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Pregnancy-Induced Hypertension

Pregnancy-induced hypertension is a potentially life-threatening disorder that usually develops after the 20th week of pregnancy. It most often occurs in nulliparous women and may be nonconvulsive or convulsive.

Preeclampsia, the nonconvulsive form of the disorder, is marked by the onset of hypertension after 20 weeks of gestation. It develops in about 7 % of pregnancies and may be mild or severe. The incidence is significantly higher in low socioeconomic groups.

Eclampsia, the convulsive form, occurs between 24 weeks' gestation and the end of the first postpartum week. The incidence increases among women who are pregnant for the first time, have multiple fetuses, and have a history of vascular disease.

About 5% of women with preeclampsia develop eclampsia; of these, about 15% die of eclampsia or its complications. Fetal mortality is high because of the increased incidence of premature delivery.

Pregnancy-induced hypertension and its complications are the current most common cause of maternal death in developed countries.

Causes

No one understands what is the trigger for the development of this condition. However, it seems to strike most often in first pregnancies and becomes less common with subsequent pregnancies.

Signs and Symptoms

A patient with mild preeclampsia typically reports a sudden weight gain of more than 3 lb (1.4 kg) a week in the second trimester or more than 1 lb (0.5 kg) a week during the third trimester.

The patient's history reveals hypertension, as evidenced by elevated blood pressure readings: 140 mm Hg or more systolic, or an increase of 30 mm Hg or more above the patient's normal systolic pressure, measured on two occasions, 6 hours apart; and 90 mm Hg or more diastolic, or an increase of 15 mm Hg or more above the patient's normal diastolic pressure, measured on two occasions, 6 hours apart.

Inspection reveals generalized edema, especially of the face. Palpation may reveal pitting edema of the legs and feet. Deep tendon reflexes may indicate hyperreflexia.

As preeclampsia worsens, the patient may demonstrate oliguria (urine output of 400 ml/day or less), blurred vision caused by retinal arteriolar spasms, epigastric pain or heartburn, irritability, and emotional tension. She may complain of a severe frontal headache.

In severe preeclampsia, blood pressure readings increase to 160/110 mm Hg or higher on two occasions, 6 hours apart, during bed rest. Also, ophthalmoscopic examination may reveal vascular spasm, papilledema, retinal edema or detachment, and arteriovenous nicking or hemorrhage.

Preeclampsia can suddenly progress to eclampsia with the onset of seizures. The patient with eclampsia may appear to cease breathing, then suddenly take a deep, stertorous breath and resume breathing. The patient may then lapse into a coma, lasting a few minutes to several hours. Awakening from the coma, the patient may have no memory of the seizure. Mild eclampsia may involve more than one seizure; severe eclampsia up to 20 seizures.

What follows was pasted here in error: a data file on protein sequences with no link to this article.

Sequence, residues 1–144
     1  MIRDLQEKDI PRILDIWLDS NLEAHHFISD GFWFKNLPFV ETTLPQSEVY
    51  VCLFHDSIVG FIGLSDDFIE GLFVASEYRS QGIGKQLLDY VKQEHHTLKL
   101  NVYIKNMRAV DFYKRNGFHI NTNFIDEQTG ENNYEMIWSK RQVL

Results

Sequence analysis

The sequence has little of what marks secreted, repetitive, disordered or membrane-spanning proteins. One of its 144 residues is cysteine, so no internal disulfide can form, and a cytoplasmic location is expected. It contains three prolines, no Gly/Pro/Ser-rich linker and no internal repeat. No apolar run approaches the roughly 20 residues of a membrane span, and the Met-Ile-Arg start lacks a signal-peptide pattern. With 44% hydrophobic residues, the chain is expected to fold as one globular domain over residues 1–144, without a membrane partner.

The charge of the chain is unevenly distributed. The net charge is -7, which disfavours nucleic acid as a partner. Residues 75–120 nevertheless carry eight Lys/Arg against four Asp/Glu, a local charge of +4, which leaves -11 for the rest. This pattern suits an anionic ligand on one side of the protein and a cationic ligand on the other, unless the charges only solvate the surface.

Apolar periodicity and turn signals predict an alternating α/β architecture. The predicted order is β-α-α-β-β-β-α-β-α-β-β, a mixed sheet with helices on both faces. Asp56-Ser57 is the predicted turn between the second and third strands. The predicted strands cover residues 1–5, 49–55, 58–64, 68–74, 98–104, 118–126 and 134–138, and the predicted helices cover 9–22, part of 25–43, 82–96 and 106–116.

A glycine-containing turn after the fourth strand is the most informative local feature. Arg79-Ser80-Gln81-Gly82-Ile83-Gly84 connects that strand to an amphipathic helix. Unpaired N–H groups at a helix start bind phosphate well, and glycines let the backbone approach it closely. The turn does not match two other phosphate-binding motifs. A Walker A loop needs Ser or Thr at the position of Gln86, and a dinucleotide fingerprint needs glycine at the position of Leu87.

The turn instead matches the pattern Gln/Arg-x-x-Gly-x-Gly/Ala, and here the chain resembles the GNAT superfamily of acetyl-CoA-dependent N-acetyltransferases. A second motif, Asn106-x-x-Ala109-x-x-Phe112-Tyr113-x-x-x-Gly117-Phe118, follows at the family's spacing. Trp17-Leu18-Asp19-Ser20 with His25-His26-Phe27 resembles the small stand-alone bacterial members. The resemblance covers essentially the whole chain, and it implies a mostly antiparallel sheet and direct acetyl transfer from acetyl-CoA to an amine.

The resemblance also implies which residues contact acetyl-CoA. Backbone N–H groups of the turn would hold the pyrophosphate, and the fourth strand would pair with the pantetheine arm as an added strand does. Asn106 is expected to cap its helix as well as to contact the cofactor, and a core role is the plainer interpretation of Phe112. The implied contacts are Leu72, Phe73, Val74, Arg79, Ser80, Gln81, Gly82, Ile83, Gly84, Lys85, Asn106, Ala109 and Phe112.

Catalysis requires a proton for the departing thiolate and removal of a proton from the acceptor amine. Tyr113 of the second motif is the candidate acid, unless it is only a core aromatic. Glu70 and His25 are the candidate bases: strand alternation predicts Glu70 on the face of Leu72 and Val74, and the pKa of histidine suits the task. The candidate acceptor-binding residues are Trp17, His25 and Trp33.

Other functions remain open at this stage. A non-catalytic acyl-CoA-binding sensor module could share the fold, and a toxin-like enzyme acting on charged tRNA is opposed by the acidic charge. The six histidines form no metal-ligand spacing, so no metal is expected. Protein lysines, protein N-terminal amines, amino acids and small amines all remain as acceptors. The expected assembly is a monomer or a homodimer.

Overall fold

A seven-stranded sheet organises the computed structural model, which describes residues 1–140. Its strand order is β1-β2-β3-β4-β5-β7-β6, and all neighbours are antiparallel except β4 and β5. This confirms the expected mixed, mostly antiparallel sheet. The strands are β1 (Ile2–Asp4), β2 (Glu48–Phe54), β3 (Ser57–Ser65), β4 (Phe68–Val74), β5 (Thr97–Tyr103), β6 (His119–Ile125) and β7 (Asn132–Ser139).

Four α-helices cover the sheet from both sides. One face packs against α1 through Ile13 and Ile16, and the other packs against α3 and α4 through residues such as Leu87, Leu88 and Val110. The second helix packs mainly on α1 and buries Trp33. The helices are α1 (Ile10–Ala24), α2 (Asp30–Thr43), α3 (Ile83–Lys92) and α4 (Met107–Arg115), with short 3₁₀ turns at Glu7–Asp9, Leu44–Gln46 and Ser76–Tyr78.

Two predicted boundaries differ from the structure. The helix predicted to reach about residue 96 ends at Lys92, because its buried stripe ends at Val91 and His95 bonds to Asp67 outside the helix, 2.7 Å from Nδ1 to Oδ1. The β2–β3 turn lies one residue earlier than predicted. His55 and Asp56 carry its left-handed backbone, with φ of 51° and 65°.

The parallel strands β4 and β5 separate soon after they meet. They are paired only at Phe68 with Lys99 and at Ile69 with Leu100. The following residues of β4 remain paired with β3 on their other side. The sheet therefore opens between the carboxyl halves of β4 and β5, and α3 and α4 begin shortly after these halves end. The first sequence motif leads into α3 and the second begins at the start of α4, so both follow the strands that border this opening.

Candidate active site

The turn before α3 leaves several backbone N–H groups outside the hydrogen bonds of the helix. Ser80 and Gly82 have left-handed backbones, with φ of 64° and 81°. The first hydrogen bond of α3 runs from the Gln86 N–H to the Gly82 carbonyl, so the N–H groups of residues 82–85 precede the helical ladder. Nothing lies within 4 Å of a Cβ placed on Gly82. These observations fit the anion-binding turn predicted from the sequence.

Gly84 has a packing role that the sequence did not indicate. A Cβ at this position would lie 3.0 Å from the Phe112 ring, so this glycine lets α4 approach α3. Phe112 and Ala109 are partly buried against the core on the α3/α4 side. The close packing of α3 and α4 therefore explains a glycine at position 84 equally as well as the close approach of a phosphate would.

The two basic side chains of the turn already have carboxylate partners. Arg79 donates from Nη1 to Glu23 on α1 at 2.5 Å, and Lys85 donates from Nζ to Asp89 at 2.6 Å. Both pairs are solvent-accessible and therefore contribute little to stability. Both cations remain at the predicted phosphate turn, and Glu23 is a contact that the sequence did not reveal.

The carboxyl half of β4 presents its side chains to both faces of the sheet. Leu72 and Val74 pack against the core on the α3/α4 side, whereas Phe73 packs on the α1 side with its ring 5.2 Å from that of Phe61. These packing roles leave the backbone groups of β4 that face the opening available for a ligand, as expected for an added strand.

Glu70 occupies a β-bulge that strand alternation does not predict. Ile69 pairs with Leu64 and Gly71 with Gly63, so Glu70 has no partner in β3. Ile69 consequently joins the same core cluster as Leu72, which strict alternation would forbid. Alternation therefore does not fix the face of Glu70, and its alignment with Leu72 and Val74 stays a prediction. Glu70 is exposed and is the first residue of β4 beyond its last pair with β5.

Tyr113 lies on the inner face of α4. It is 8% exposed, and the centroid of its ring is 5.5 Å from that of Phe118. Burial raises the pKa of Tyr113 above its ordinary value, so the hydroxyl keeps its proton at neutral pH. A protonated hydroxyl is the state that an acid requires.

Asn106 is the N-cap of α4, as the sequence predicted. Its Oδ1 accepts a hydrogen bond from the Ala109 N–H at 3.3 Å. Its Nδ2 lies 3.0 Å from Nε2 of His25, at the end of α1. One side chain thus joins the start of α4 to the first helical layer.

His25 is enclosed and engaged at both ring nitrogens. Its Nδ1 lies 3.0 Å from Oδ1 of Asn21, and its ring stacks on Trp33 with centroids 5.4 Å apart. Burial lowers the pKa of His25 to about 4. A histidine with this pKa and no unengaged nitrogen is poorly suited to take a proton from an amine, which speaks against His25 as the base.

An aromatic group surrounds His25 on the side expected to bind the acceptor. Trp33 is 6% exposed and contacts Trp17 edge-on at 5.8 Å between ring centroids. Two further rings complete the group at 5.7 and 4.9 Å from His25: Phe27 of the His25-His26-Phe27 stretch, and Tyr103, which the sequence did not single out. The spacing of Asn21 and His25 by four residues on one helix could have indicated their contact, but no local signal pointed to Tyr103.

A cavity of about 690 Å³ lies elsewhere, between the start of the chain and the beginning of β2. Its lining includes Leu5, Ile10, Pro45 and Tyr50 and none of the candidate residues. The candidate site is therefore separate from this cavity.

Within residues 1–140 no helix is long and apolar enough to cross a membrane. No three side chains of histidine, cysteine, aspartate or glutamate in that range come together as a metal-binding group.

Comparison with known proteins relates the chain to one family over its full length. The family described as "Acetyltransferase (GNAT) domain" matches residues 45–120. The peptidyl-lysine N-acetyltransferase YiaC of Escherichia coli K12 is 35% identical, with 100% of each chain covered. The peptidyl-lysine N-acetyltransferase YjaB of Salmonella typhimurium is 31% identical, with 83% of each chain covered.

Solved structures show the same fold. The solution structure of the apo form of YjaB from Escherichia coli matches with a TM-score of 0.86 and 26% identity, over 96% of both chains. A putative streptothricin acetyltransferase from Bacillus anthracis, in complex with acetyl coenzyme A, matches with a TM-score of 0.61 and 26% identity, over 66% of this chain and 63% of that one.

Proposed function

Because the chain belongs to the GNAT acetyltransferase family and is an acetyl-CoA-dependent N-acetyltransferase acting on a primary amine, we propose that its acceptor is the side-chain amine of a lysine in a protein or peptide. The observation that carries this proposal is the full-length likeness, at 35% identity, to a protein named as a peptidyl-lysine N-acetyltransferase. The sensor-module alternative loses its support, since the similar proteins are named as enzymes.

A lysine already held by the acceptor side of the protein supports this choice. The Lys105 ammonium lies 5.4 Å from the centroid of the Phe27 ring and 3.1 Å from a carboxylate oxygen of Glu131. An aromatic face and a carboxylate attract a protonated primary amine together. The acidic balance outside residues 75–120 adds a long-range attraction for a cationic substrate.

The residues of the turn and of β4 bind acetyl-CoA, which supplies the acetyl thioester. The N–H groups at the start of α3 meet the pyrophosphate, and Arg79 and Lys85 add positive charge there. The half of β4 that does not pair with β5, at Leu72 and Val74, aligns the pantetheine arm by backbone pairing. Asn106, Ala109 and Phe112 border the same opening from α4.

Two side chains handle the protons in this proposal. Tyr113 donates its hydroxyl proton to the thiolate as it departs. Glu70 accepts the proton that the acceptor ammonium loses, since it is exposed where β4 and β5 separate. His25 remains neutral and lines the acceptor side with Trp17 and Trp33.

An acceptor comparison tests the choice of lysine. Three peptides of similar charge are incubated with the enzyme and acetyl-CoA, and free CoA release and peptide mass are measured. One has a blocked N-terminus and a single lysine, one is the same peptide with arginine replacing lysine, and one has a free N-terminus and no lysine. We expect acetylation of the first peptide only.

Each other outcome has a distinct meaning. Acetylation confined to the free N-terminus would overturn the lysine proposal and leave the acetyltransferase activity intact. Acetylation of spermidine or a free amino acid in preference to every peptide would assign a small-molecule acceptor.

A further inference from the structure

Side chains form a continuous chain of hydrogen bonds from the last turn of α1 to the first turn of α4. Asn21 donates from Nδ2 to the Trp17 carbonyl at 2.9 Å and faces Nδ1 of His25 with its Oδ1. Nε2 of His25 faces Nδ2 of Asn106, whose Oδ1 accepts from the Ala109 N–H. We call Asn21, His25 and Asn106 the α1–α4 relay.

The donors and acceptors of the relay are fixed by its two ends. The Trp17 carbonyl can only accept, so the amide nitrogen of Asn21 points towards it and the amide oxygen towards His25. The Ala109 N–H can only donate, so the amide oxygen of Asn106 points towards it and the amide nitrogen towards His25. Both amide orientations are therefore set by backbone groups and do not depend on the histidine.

In eclampsia, physical examination findings are similar to those in preeclampsia but more severe. Systolic blood pressure may increase to 180 mm Hg and even to 200 mm Hg. Inspection may reveal marked edema, but some patients exhibit no visible edema.

Diagnostic tests

Laboratory test findings reveal proteinuria (more than 300 mg/24 hours [1 + ] with preeclampsia, and 5 g/24 hours [5 +] or more with severe eclampsia). Test results may suggest HELLP syndrome.

Ultrasonography, stress and nonstress tests, and biophysical profiles aid evaluation of fetal well-being.

Differential diagnosis is used to distinguish we disorder from viral hepatitis, idiopathic thrombocytopenia, cholecystitis, hemolytic uremic syndrome peptic ulcer, neuroangiopathic syndrome, appendicitis, kidney stones, pyelonephritis, and gastroenteritis.

Treatment

Therapy for patients with preeclampsia is intended to halt the progress of the disorder - specifically, the early effects of eclampsia, such as seizures, residual hypertension, and renal shutdown - and to ensure fetal survival. Some doctors advocate the prompt inducement of labor, especially if the patient is near term; others follow a more conservative approach. Therapy may include:

  • complete bed rest in the preferred left lateral lying position to enhance venous return
  • antihypertensive drugs, such as methyldopa and hydralazine
  • magnesium sulfate to promote diuresis, reduce blood pressure, and prevent seizures if the patient's blood pressure fails to respond to bed rest and antihypertensives and persistently rises above 160/100 mm Hg or if central nervous system irritability increases.

If these measures fail to improve the patient's condition, or if fetal life is endangered (as determined by stress or nonstress tests and biophysical profiles), cesarean section or oxytocin inducement may be required to terminate the pregnancy.

Emergency treatment of eclamptic seizures consists of immediate administration of magnesium sulfate (I.V. drip), oxygen administration, and electronic fetal monitoring. After the patient's condition Stabilizes, cesarean section may be performed.

Adequate nutrition, good prenatal care, and control of preexisting hypertension during pregnancy decrease the incidence and severity of preeclampsia. Early recognition and prompt treatment of preeclampsia can prevent progression to eclampsia.

Prevention

Early identification of women at risk for pregnancy-induced hypertension may help prevent some complications of the disease. Education about the warning symptoms is also important because early recognition may help women receive treatment and prevent worsening of the disease.



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